Qatar looks to find World Cup alcohol solution
Sports minister says authorities looking for 'creative' solutions
Qatar’s sports minister said the Gulf state is looking to develop "creative" solutions to balance its conservative local customs with FIFA’s demand for the sale of alcohol when it hosts the FIFA World Cup in 2022, it was reported this week.
"In the hotels and many areas we have alcohol but we have also our own system that people need to respect," Qatar's Sports Minister Salah bin Ghanem bin Nasser Al Ali said in an interview with the Associated Press.
"As we bid for 2022, we will respect all the rules and regulations by FIFA. We can study this and minimize the impact on our people and tradition. I think we can be creative, finding solutions for all of this. But we respect all the rules and regulations."
Alcohol is only sold in select hotel bars in Qatar and guests must show their passports upon entry. Residents can also, if they obtain a licence, buy alcohol from a government-managed store in Doha.
In the run up to the previous World Cup in Brazil, the South American country tried to ban alcohol sales in stadiums during the tournament but this was overruled by FIFA.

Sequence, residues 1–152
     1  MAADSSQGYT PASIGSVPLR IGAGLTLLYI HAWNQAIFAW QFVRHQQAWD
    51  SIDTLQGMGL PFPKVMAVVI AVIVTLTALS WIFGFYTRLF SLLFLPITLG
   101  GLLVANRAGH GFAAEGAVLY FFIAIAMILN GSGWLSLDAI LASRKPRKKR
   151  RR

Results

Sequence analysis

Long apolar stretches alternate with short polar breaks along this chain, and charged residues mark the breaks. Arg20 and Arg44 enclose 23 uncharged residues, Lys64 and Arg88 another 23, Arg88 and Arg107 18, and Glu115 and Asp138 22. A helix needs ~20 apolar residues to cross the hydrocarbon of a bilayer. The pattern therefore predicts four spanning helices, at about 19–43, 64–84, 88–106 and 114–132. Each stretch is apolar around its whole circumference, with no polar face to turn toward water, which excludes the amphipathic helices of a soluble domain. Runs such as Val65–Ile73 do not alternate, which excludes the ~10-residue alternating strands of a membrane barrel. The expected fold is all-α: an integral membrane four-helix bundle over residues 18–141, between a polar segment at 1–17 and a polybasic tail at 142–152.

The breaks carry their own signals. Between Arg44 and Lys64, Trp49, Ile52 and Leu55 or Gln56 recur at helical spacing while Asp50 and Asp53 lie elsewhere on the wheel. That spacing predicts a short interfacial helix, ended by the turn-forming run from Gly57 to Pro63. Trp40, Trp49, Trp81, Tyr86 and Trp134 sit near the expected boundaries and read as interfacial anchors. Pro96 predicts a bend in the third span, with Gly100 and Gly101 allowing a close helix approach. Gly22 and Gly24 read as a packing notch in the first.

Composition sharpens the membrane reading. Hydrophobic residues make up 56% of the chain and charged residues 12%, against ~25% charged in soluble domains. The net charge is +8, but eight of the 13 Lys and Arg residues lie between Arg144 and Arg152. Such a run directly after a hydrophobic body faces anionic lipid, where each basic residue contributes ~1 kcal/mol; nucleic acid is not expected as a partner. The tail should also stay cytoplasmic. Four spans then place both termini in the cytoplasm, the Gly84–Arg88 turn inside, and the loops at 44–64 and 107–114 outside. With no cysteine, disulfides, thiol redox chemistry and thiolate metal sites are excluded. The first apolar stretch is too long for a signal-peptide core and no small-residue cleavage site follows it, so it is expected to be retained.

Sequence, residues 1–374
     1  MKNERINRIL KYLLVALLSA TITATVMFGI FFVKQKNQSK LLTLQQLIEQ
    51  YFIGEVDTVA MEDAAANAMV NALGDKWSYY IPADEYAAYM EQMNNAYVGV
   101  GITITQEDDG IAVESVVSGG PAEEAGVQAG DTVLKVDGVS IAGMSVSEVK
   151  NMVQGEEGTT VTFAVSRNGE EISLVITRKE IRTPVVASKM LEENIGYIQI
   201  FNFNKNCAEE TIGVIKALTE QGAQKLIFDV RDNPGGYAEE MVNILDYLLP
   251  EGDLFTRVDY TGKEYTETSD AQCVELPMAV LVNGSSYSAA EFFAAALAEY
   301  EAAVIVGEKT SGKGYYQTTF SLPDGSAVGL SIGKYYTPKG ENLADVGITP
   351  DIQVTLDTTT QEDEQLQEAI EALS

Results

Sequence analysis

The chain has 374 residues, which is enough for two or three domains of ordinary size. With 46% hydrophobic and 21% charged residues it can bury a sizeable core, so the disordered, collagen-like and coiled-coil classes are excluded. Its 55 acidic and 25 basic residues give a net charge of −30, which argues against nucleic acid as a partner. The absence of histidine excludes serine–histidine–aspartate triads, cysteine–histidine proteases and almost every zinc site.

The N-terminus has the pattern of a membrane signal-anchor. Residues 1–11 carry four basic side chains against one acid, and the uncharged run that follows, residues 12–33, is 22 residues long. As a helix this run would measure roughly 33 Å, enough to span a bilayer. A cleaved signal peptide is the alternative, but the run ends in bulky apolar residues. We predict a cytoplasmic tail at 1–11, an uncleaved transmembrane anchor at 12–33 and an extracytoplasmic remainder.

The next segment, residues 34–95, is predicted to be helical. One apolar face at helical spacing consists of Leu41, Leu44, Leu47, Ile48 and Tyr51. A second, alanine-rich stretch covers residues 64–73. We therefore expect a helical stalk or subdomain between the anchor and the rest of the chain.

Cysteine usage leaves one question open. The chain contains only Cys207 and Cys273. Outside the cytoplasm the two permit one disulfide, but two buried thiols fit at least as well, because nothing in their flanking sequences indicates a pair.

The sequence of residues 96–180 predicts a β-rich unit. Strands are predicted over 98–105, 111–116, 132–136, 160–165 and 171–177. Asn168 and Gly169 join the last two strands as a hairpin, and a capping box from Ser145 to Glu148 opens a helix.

One of FIFA’s biggest sponsors is American drinks giant Anheuser-Busch and Budweiser was the "Official Beer of the FIFA World Cup" at the Brazil event.
Qatar has moved to clampdown on alcohols sales in the country in recent years. In December 2011 alcohol was suddenly banned on The Pearl development, a few months after several restaurants opened for business. Twelve of the 15 eateries served alcohol but were forced to immediately stop.
Several outlets, included famed British chef Gordon Ramsey’s Maze, closed down a short time later, claiming revenues had declined so significantly they were losing money. The number of visitors to The Pearl has significantly declined since the alcohol ban but management has refused to back down.
FIFA secretary general Jerome Valcke in January 2012 said alcohol is a non-negotiable aspect of the World Cup and the right to sell it must be enshrined in a law.
“Alcoholic drinks are part of the FIFA World Cup, so we're going to have them. Excuse me if I sound a bit arrogant but that's something we won't negotiate,” Valcke said ahead of the Brazilian World Cup.
“The fact that we have the right to sell beer has to be a part of the law,” he added.
The sale of alcohol is strictly monitored in five of the Gulf states with Saudi Arabia and Kuwait operating outright bans on the sale and consumption of liquor.
The move to offer alcohol licenses to outlets and non-Muslims is largely a nod to the region’s expatriate workers, who vastly outnumber the local population. But the decision has been met with criticism from some citizens who oppose the sale of liquor in Muslim countries.